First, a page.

New Cemetery Rules Proposed

New Cemetery Rules Proposed

Those involved in the business of getting New York’s Jews to their final resting place have long been aware of problems in smoothly accomplishing their goal. This week, after several years of negotiations, the Jewish Community Relations Council is poised to sign an agreement with a group of New York City-area Jewish cemetery officials that would help alleviate some of these problems.

"I think this is a terrific agreement for everybody. It’s good for the cemeteries, the community and the public at large," said Gerald Hass, president of the Jewish Cemetery Association.

"It codifies a number of issues that have been problems over the years for everybody."

One problem is called "short-graving," a term for when an undersized casket is used to fit into a cemetery plot shorter than standard size. To accommodate the smaller space, the casket is slanted and the corpse repositioned from a prone state.

A consequence of cost-saving measures, short-graving has been practiced without the knowledge of family members and the public.

The procedure is not illegal, but is a violation of the Jewish concept of kovod mase (Hebrew for "respect for the dead") say Jewish community officials.

Jewish mourners have also encountered problems with trying to bury their dead on a legal holiday, partly due to the failure to set up standard guidelines and a communication system for such events. Religious law requires burial as soon as possible.

The tentative deal also addresses other cemetery issues, such as ensuring that families are provided sufficient soil at the gravesite, higher fees for holiday burials and posting signs for the public to report complaints to the proper regulatory agency, the state Division of Cemeteries.

"That’s really what this is all about, consumer information," said Rabbi Elchanon Zohn, the JCRC’s Jewish funeral expert who helped negotiate the pact. "It accomplishes a lot on several issues."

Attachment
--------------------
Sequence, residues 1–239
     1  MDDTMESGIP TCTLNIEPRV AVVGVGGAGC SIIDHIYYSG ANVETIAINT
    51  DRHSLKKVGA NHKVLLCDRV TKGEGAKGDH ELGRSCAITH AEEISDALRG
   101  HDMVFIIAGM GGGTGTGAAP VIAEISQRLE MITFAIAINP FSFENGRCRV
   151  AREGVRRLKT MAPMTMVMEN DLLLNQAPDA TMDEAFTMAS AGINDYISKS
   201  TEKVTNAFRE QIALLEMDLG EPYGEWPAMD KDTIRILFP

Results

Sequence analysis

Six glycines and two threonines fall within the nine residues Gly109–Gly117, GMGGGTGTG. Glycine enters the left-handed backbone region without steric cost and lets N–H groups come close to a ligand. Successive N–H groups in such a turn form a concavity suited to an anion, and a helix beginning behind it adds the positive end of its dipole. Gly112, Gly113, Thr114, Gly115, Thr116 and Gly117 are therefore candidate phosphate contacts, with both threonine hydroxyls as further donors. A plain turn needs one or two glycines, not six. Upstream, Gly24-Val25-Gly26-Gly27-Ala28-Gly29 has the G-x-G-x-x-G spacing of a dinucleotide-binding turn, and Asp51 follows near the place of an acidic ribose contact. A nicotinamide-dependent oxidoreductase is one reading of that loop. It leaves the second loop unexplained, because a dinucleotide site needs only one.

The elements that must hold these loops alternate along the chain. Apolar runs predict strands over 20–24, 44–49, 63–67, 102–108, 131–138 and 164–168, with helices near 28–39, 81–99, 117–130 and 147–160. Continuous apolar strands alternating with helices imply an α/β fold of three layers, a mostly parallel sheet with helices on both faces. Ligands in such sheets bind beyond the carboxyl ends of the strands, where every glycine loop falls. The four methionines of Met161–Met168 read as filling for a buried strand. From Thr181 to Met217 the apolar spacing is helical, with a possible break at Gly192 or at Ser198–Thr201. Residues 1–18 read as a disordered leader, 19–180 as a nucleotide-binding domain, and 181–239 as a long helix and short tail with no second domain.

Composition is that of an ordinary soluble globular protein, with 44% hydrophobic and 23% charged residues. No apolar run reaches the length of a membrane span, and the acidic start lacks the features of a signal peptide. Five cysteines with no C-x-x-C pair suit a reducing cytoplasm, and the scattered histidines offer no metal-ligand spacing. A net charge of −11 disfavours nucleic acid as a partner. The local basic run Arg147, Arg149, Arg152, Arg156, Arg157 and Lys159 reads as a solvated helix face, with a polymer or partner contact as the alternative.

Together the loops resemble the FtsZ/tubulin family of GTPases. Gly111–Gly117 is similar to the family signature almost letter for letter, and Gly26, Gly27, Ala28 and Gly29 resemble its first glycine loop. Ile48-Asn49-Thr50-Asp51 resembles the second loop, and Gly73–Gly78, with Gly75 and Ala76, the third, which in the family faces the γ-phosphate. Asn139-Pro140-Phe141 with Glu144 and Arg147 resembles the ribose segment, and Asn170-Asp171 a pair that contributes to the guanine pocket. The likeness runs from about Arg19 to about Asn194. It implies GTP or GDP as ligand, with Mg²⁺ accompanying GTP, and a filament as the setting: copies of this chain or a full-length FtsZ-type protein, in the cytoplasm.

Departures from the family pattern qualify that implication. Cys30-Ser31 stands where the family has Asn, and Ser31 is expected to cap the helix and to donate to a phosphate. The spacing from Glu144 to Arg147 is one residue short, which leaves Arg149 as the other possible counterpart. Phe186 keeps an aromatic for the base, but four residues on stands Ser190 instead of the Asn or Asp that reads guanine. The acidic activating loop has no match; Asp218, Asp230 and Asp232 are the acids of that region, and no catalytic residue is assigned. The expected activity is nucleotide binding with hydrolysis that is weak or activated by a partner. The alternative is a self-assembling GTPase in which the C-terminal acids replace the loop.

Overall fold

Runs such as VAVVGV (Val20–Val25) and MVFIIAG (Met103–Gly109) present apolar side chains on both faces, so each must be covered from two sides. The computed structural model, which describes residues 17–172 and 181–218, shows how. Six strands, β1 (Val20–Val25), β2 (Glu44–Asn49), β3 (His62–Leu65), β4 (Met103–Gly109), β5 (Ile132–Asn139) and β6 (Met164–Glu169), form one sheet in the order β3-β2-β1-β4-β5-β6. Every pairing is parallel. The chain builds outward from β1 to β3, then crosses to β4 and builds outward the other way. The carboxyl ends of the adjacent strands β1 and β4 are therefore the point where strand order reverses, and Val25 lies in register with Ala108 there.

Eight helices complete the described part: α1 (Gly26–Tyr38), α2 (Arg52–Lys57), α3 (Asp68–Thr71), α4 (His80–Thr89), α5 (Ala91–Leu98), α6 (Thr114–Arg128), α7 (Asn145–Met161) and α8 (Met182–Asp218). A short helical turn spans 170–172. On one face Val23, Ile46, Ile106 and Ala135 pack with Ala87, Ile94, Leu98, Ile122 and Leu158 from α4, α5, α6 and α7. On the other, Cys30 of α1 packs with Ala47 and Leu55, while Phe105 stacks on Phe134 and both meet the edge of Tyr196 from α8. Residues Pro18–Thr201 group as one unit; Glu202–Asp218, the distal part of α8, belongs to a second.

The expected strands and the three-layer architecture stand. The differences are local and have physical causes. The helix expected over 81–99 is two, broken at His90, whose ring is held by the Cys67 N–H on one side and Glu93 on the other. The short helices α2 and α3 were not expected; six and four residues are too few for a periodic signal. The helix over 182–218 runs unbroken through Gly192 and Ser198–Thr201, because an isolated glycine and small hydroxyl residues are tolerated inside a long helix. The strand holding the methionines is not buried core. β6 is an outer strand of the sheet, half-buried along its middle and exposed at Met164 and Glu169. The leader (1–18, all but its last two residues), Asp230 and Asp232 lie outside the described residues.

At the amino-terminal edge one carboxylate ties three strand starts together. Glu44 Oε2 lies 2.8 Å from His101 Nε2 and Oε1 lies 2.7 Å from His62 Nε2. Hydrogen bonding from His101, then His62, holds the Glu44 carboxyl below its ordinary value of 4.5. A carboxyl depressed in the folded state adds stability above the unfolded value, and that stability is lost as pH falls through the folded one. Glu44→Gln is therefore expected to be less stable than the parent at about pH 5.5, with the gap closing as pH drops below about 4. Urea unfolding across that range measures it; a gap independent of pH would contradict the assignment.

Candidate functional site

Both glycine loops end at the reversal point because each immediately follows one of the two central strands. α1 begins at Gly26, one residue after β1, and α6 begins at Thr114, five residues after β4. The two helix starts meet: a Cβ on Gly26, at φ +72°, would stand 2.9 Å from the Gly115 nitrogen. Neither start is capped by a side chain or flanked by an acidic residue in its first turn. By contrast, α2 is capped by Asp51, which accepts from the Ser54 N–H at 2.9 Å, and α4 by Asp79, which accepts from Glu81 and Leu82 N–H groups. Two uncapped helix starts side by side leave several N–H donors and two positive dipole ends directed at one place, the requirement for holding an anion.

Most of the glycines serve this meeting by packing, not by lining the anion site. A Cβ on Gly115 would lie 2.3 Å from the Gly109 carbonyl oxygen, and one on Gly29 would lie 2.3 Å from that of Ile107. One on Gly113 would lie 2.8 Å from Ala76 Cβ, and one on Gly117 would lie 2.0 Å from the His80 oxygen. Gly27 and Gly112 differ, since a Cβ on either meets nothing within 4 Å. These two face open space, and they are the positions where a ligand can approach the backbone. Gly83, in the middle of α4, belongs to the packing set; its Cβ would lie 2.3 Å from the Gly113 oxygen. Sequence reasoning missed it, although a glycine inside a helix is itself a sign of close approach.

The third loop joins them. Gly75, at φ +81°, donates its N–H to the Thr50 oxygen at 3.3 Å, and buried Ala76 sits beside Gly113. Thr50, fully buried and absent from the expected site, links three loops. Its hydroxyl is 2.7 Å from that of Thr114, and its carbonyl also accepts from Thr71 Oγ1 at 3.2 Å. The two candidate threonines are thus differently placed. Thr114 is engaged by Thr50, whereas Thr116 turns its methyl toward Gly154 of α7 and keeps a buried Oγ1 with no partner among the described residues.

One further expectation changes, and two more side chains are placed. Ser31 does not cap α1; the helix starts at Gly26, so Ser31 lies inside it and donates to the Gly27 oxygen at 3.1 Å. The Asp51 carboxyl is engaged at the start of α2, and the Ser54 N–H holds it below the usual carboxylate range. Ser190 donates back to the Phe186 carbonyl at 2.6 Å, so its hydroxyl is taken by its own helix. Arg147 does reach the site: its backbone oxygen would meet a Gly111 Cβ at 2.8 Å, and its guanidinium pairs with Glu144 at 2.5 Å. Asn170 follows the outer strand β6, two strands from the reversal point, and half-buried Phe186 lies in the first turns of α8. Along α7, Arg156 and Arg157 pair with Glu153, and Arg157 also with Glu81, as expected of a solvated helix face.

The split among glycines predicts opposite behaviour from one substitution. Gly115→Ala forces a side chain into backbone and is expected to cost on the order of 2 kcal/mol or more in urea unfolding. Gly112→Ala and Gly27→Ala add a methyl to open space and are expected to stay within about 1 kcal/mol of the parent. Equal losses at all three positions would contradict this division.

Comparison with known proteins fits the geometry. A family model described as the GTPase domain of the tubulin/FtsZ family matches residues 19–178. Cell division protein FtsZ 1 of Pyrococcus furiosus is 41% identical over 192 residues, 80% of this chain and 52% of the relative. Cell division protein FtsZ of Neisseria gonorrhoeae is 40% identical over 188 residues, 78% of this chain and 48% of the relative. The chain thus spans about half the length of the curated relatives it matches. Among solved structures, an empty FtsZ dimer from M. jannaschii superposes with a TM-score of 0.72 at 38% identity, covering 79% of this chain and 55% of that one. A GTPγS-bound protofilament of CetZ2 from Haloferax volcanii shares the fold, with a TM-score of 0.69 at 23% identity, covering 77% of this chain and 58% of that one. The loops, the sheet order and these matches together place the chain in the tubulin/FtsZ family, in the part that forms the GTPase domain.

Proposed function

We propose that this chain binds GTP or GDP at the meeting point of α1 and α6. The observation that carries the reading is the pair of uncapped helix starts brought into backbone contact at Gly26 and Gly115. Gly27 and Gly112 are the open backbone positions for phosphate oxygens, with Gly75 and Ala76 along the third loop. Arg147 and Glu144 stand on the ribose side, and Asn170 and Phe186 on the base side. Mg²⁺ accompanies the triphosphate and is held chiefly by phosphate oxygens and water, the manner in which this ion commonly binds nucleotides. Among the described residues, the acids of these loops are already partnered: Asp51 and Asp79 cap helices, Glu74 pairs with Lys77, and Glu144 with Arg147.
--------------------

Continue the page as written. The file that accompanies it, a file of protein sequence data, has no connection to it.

The tentative deal, which participants planned to sign Friday, includes as many as 11 Jewish cemeteries in the New York area. It is hoped that another three will join.

The proposed agreement is self-regulated, said JCRC executive director Michael Miller. The organization credited cemetery officials for working with them to resolve these long-term issues. Miller said participants agreed not to seek a legislative or government solution at this point because of potential complications of entangling the state in issues that involve regulating specific religious traditions.

The proposed pact will address the short-graving issue by requiring family notification and giving consumers the option to refuse it.

Brooklyn Rabbi Joseph Potasnik, a critic of cemetery abuses, said he has been aware of the practice for nearly 25 years, calling it outrageous.

"The public knows nothing about it," he added.

Experts familiar with the practice told The Jewish Week that short-graving occurs when concrete foundations have been pre-poured at plots to save money.

Pre-pouring also strengthens the plot foundations.But the concrete cuts the grave size by several inches, forcing the use of undersized caskets: 72 inches rather than the standard 75 to 84 inches.

A 72-inch casket loses even more area inside the box because of the wood’s thickness: perhaps five or six inches. Bodies are then repositioned.

Before the new proposed agreement, when the cemetery learned a plot was undersized, it informed the funeral director, who then would provide a smaller casket without informing the family.

There are thousands of such cases, and potentially thousands more waiting to occur at Jewish cemeteries where pre-poured concrete plots are standard practice. Some cite the fact that older cemeteries were designed when people were shorter. The new JCRC agreement would require cemeteries to notify families up front about short-graving when plots are purchased.

In cases in which short-grave plots have already been purchased, the agreement will give families the option of breaking the foundation at the cemetery’s expense to enlarge the gravesite. It also bans pouring concrete into the graves after the coffin is buried, which has resulted in damaged caskets.

The proposed agreement also:

# Establishes uniform rules and a holiday burial hot line to deal with costly holiday burials. The guideline will ensure that families forced to bury on a holiday share the overtime costs, which can add up to $2,500 to a bill.

# Requires the cemetery to post signs conspicuously in its lobby that the business is regulated by the state Division of Cemeteries, where complaints can be reported.

# Requires a rabbi, family member or official of the burial society to verify that the deceased was Jewish and can be buried in a Jewish cemetery.

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